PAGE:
“I am not against permitted cannabis dispensaries from operating in Hoboken. My concern is all about location.”

Francis Dixon was critical of Epstein. He said that building owners Drew Nussbaum and Jaclyn Fulop would make $1 million on the sale of Story should the application be approved.

“Jaclyn Fulop is [Jersey City Mayor] Steve Fulop’s wife. This is kind of touchy … Mr. Epstein has been speaking in bad faith throughout this process. This is outrageous,” he claimed.

The crowd clapped after every objector finished speaking.

“Integrating dispensaries into our city needs to be done responsibly. Story stands in stark contrast to other owners who have honestly engaged with the community,” Leslie Bradley said. She added the owners of Story Dispensary have not testified.

“When we got into this, I don’t think any of us knew what we would get about it. This is new for everyone. We’re trying to fit this into space, and it doesn’t really fit,” Fisher said.

“The relief sought from this board is minor and … should be granted,” Story attorney Lauren Tardanico argued.

Carlson said there were conditions of no onsite consumption, a door silencer being installed, the applicant will get a loading zone, they will provide the board with their required parking arrangement, and a limit on capacity.

“We would use the basement for ancillary storage only. We would eliminate any use of the basement,” Porter replied.

Doyle acknowledged the unrest from some neighbors but said most of their concerns really weren’t for the planning board to remedy.

“The public’s comments … there are some things we really can’t do anything about. I think the queuing issue, it doesn’t really add up. Fewer will be outside, but they will be packed in like cattle. Do we usually dictate the interior?” he asked.

“There will be a lawsuit no matter what we decide. It’s important to a lot of people, and I appreciate that. Whether or not the site is appropriate has to do with the ordinance. The applicant has satisfied the requirements,” Magaletta stated.

“The applicant would be willing to work with the zoning officer on queuing,” Porter said.

“The comments on ethics issues … are really not for us. That doesn’t mean we don’t care, but we have a lane,” Doyle said.

Carlson asked if Story would agree to appear before the board with an update within six months of opening, to which she agreed.

The board unanimously approved (8-0) a resolution with 14 conditions at 1:12 a.m.

Story Dispensary still needs a city resolution to open.

Jersey Joints Dispensary Resolution Approved as JJ

The Jersey Joint adult-use cannabis dispensary was approved to operate in Hoboken by the City Council. While women and minority-owned, they have negligible ties to New Jersey as they own a dispensary in Massachusetts.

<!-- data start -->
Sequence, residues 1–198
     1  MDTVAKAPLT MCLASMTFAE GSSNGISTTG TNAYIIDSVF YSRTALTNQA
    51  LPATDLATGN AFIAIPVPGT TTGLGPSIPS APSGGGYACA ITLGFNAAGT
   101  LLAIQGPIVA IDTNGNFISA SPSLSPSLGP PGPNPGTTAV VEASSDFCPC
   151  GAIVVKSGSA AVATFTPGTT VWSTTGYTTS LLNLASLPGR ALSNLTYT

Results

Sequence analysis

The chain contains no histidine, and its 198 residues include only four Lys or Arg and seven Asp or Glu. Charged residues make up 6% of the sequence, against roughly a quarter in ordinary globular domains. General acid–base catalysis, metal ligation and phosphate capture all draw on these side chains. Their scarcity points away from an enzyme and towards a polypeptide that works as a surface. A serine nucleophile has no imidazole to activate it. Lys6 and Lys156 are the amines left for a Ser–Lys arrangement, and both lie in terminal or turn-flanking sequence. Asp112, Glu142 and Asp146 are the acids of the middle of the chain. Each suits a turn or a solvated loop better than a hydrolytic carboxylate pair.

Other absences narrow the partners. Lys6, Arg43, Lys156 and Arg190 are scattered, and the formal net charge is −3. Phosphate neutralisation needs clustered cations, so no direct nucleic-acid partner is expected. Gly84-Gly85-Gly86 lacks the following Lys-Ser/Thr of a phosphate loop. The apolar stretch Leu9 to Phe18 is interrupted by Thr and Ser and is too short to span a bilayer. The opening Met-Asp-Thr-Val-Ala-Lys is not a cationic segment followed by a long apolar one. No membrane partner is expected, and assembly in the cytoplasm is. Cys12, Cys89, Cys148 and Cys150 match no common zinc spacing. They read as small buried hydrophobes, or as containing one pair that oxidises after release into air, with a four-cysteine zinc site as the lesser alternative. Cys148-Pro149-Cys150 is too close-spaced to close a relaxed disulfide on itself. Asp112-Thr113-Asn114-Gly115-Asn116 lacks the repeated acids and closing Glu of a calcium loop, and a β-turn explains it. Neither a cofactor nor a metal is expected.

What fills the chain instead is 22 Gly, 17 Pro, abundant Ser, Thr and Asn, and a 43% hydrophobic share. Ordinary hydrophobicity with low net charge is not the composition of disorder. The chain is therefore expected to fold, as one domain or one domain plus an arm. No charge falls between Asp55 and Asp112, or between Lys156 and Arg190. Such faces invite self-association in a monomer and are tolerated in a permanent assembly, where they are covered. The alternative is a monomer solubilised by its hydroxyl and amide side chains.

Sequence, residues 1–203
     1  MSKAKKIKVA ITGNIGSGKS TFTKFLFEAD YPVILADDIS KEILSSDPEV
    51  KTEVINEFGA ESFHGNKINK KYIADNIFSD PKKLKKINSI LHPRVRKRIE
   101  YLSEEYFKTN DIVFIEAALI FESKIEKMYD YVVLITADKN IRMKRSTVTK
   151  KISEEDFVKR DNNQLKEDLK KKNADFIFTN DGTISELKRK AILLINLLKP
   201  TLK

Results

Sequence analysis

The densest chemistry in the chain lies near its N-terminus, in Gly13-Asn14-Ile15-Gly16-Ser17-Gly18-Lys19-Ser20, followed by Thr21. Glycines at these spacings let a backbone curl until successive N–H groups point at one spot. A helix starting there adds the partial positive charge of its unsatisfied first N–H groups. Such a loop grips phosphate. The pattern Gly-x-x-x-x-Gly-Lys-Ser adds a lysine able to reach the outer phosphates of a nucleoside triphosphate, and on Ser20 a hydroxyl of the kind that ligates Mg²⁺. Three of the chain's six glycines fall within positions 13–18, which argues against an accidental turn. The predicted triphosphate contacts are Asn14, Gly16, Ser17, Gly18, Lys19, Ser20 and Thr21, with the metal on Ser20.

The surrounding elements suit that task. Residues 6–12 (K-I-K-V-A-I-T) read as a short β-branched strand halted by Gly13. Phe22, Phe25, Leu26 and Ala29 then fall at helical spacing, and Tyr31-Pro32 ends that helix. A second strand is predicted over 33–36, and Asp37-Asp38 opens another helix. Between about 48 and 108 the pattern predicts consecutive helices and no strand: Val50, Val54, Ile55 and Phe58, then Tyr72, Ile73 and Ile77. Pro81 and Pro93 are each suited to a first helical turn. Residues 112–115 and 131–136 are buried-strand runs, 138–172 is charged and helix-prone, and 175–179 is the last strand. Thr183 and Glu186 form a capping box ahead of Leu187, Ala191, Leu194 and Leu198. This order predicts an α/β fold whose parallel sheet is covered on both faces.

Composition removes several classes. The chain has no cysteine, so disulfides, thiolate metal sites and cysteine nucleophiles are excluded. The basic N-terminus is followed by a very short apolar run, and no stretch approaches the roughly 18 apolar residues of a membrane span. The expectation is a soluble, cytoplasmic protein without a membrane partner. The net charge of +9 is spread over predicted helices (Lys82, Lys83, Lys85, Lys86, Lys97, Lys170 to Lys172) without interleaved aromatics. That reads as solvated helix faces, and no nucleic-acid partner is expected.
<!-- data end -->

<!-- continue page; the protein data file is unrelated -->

“You didn’t like the name, and here they are. Maybe you can stop it. I would appreciate that one, and I’m sure the residents would too,” Manny Rivera said regarding their Hoboken Cannabis Review Board meeting in May.

The proposal was approved by the Hoboken Planning Board in July.

“They’re just not having their name on the signage,” 6th Ward Councilwoman Jen Giattino said.

“The signage is JJ,” noted 2nd Ward Councilwoman Tiffanie Fisher.

“You mean the legal change?” Doyle asked.

“The ask of the board was for it to not be advertised as Jersey Joint. We can’t require them to change their corporate name,” Council President Michael Russo said.

Fisher is a strong opponent of Story Dispensary and Blue Violets, which is getting sued by Elizabeth Utrecho, who spoke against Story. However, Fisher liked JJ.

“I just want to take a minute to support this. We thought they did a very good job. It’s a management team that seems to have a great experience. It’s a good plan,” she said.

Fisher added she thought their location at 1427 Grand St was good.

“We think this is a good partner in the city. I just feel good about the application. I know the owner is here, and they did a great job,” she explained.

5th Ward Councilman Phil Cohen also spoke in favor of JJ.

“I spoke with the owners and the lawyers for this application. I thought they had a good plan. They were thoughtful with respect to their design. It seemed like a well-thought-out application. I looked at the store they run in Massachusetts. It seemed like a good application for the neighborhood,” he said.

The resolution passed 8-1, with Sixth Ward Councilwoman Jenn Giattino voting no.